Juggling our ALRC Copyright Inquiry submission in one hand and the program for an exciting 2013 ADA forum in the other, it's full steam ahead here at ADA HQ! In this post we're pleased to be bringing you more information about our 2013 forum theme, a sneak peak at a few of the speakers we've got lined up and, most importantly, details on how you can purchase your ticket.
'Embracing the Digital Economy: creative copyright for a creative nation'
Friday 1 March 2013, 8:45am – 4:30pm
National Portrait Gallery, Canberra
(* pre-conference drinks 28 February TBC)
ADA Members $60 per ticket, non-members $150 (until Feb 8th 2013), with $200 standard registration
To purchase your tickets:
- ADA Members – place your orders directly through firstname.lastname@example.org to purchase your tickets at membership rate
- Non-Members – pay online using your credit card here
About the 2013 ADA Forum
The 3rd annual ADA copyright forum explores a variety of ways in which individuals, institutions and companies are creatively engaging with copyright works in Australia. It examines progressive options for copyright reform to support a burgeoning digital innovation culture, balanced alongside the interests of creators. There'll be stimulating discussion, spirited debate and some digital innovation show n' tell as part of what promises to be an important year in Australian copyright law reform, with the Australian Law Reform Commission due to deliver their Report on Copyright and the Digital Economy to Government in November 2013.
The forum takes as its starting point a recent speech by EU Commissioner Neelie Kroes, reflecting on profound changes to creation and distribution in the digital age:
“Back then, creation and distribution were in the hands of the few. Now they are in the hands of everyone: democratising innovation, empowering people to generate and exchange ideas, supporting and stimulating huge creativity.
And now let's remind ourselves what our objectives as policymakers should be for the creative sector:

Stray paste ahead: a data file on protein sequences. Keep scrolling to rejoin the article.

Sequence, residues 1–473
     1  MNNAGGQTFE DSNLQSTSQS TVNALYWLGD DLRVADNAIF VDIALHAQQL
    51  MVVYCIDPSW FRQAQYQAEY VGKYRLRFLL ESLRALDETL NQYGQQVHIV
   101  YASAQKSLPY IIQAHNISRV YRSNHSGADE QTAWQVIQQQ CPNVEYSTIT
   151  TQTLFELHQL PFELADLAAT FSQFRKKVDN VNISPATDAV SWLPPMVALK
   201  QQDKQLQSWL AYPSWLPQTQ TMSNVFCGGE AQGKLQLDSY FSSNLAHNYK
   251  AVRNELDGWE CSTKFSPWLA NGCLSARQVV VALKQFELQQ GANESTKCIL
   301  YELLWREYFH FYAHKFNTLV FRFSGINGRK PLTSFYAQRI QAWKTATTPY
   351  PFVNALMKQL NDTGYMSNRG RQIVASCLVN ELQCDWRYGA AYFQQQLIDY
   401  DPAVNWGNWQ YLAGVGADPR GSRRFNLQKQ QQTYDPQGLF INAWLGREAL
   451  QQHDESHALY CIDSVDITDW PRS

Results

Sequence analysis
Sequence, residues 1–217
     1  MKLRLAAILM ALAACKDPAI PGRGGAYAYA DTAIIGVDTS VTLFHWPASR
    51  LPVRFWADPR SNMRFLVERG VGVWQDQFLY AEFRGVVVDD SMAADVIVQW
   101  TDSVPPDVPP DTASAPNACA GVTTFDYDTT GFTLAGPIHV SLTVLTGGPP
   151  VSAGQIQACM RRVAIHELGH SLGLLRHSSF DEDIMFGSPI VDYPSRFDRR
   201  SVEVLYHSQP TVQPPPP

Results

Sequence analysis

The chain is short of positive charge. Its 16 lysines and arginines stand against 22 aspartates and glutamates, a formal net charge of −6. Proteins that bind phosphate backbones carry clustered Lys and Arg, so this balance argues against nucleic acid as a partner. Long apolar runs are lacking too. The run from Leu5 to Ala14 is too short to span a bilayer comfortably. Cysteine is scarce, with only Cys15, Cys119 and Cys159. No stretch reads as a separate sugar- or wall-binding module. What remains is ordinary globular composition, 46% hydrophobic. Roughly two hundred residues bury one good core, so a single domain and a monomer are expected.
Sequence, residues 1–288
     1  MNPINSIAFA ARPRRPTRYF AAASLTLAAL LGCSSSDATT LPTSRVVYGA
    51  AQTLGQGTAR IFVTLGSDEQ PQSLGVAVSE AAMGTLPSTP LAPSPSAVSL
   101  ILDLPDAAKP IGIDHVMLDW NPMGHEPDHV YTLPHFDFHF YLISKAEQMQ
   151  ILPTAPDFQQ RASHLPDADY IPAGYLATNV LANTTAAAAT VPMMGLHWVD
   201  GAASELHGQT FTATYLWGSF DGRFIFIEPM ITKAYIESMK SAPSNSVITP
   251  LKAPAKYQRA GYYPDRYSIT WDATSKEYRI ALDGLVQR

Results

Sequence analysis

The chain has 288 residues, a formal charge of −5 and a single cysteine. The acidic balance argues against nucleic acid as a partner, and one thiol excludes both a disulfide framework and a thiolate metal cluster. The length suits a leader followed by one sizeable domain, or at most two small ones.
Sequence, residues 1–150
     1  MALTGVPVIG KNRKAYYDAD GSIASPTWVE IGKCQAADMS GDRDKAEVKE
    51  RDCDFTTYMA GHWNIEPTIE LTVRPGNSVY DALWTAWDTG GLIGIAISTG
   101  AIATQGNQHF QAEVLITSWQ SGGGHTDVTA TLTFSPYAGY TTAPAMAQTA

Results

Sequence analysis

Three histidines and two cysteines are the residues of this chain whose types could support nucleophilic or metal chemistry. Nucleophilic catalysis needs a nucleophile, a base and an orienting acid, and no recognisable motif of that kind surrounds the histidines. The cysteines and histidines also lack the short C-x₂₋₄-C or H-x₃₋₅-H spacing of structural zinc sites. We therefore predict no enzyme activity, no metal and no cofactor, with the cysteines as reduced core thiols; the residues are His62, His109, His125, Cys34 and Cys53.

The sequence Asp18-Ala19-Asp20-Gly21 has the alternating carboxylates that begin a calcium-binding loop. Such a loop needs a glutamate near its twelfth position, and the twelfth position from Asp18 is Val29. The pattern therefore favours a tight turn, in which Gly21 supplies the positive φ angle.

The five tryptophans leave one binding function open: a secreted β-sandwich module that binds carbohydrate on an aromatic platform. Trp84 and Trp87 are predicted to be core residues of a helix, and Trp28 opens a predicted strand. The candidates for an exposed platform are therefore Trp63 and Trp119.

We should help artists live from their art. Stimulate creativity and innovation. Improve consumer choice. Promote our cultural heritage. And help the sector drive economic growth.
We can't look at copyright in isolation: you have to look at how it fits into the real world. So let's ask ourselves: how well is the current system achieving those objectives, in the world we live in today?”
- Creators, consumers, samplers, sharers – what exciting things are happening online? What’s the best way to ensure copyright is being respected and protected? Does the existing copyright framework respect consumer interests?
- Cultural intermediaries – how are Australian cultural institutions innovating with their collections online? How are educational institutions engaging with their students in the digital environment?
- Business innovators – managing copyright risk – do existing copyright laws present a hostile regulatory environment for innovation?
- Legislators, policy makers, judiciary – taking copyright laws from principle to policy to law – looking at technology neutrality, the philosophy of copyright, balancing various interests – where should the balance be?
 Neelie Kroes, ‘Copyright and Innovation in the Creative Industries’, Media Release 10 September 2012 http://europa.eu/rapid/press-release_SPEECH-12-592_en.htm